I tried to explore the work and connect it with transgender people as the piece of work suggests both a male and female. However, I wasn’t connecting with the work as even though I feel strongly about equality for the LGBT society, I am not affected by any of the issues transgender people face.
I then started to work with the maternal associations within the work. I could connect to this better as I was looking at the maternal bonds between me and my mother. I have been creating mark makings with acrylic paint and mono printing. I also created screen prints and small clay figures. I am using breast like shapes, which can also be found in the original artwork. The ‘breasts’ in the work represent my mother and me. The colours are quite feminine, which was important.
The clay figures represent my mother, me, my sister and my brother. All painted with similar colours to the larger figure which indicates my mother.
The work I want to make will be a representation of the relationship myself and my mother have. I want to now move on from working in 2D and make more soft sculptures.
At the beginning of the year, I was looking at artwork and exploring transgender people to show the troubles transgender people have, this idea wasn’t working as I didn’t connect with the work and decided to make it more about myself.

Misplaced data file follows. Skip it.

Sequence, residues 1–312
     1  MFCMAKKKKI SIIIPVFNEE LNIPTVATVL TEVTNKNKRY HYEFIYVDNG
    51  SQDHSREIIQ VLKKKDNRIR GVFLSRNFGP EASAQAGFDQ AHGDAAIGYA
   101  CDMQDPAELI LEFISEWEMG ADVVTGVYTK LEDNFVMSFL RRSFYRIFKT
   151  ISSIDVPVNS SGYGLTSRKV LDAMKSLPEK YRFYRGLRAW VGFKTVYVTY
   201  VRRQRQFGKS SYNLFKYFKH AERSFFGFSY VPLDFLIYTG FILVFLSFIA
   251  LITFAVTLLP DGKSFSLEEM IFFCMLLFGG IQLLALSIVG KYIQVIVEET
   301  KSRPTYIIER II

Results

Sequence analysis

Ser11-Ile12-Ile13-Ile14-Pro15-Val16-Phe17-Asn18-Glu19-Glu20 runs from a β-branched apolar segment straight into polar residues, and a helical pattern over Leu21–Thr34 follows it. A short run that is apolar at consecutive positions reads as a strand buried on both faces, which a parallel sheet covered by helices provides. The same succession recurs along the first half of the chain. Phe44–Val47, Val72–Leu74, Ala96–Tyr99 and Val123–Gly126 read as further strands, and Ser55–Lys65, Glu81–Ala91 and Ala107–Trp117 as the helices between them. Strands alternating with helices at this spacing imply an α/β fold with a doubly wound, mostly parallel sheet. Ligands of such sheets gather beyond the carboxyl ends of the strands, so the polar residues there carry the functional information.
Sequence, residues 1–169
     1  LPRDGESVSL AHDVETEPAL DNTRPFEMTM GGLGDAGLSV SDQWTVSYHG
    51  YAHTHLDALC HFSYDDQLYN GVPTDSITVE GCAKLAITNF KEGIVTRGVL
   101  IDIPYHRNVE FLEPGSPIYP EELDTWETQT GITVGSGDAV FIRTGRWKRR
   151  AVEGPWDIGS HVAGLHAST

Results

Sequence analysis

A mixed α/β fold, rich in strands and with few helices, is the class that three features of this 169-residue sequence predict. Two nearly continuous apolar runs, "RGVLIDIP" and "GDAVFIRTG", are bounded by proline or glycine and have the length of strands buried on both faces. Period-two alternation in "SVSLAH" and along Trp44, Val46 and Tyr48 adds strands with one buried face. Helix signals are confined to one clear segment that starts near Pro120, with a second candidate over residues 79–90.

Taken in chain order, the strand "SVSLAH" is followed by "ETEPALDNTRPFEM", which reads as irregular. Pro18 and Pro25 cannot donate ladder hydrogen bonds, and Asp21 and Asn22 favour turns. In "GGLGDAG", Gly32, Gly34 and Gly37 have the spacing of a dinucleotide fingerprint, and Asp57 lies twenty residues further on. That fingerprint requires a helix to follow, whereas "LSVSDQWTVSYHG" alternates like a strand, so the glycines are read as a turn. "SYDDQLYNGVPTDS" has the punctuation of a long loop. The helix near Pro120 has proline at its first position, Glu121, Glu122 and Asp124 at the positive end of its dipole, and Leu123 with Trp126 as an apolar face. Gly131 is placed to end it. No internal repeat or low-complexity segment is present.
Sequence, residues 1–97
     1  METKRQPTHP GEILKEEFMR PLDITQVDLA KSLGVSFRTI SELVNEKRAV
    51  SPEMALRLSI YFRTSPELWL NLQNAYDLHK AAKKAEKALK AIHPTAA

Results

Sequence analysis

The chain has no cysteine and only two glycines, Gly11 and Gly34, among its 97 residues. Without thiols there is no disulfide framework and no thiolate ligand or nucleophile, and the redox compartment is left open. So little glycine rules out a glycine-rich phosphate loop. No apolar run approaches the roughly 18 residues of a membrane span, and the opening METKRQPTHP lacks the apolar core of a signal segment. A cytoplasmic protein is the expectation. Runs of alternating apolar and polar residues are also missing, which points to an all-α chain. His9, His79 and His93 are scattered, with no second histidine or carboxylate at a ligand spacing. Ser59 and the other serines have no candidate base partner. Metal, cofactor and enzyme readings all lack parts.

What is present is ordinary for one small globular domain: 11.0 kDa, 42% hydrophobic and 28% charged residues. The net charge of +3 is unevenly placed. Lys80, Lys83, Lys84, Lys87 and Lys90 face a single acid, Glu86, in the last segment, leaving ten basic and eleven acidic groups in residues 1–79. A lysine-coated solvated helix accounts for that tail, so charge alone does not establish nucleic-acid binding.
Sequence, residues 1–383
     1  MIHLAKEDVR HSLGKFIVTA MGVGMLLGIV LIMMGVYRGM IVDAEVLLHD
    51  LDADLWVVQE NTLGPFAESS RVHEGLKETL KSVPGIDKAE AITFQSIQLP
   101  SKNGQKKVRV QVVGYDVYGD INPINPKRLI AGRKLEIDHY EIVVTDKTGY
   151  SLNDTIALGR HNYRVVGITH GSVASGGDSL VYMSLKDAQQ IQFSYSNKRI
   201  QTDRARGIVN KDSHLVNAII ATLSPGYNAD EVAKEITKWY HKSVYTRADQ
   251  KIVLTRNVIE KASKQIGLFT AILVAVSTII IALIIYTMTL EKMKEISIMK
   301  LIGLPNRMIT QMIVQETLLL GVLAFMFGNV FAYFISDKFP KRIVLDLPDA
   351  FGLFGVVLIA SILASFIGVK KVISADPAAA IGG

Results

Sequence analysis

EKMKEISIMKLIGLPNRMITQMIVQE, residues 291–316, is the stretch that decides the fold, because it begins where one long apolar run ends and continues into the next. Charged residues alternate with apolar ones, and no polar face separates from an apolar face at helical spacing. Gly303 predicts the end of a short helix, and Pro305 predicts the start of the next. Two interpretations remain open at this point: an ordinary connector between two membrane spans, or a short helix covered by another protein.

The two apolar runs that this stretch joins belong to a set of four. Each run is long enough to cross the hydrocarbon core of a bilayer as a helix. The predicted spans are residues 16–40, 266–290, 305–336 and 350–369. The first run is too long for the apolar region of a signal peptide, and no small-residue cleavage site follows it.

I then started to explore maternal bonds and continued mark making from observation of the piece of art, and then used mono printing to create artwork. I decided to make clay figures to inspire something, as I felt very stuck with my subject work.
The clay figures are meant to represent myself, brother, sister and my mother. I used the same colours from my subject work, and slightly changed the colour of each figure, like an offspring of colour from my mother.
I wanted to screen print to inspire myself to make artwork again after field, I decided to screen print the mark making that represents myself and my mother. From my screen prints I made collages, the collage represents the important women in my life. The shapes all connect through a line, which indicates how close we are as a family.
LaToya Ruby Frazier hides behind her mother in this photograph, like a shadow. The work is part of a series and brings attention to marginalised individuals and communities such as her hometown of Braddock, Pennsylvania. When speaking about this portrait, Frazier said, “We made a portrait of our bodies overlapping as one, unified in sickness, death, and our struggle to survive. The light cast a shadow that for me foreshadows the loss of Grandma Ruby; she passed away six months later from pancreatic cancer“. Frazier’s mother is affected by cancer, her grandmother passed away from cancer and Frazier has lupus. The three generations of Frazier women are affected by illnesses related to Braddock’s industrial past. LaToya Ruby Frazier said, “On the micro-level, we are three women from an abandoned community, but on the macro-level, I see us as a symbolic state of oppression and neglect”.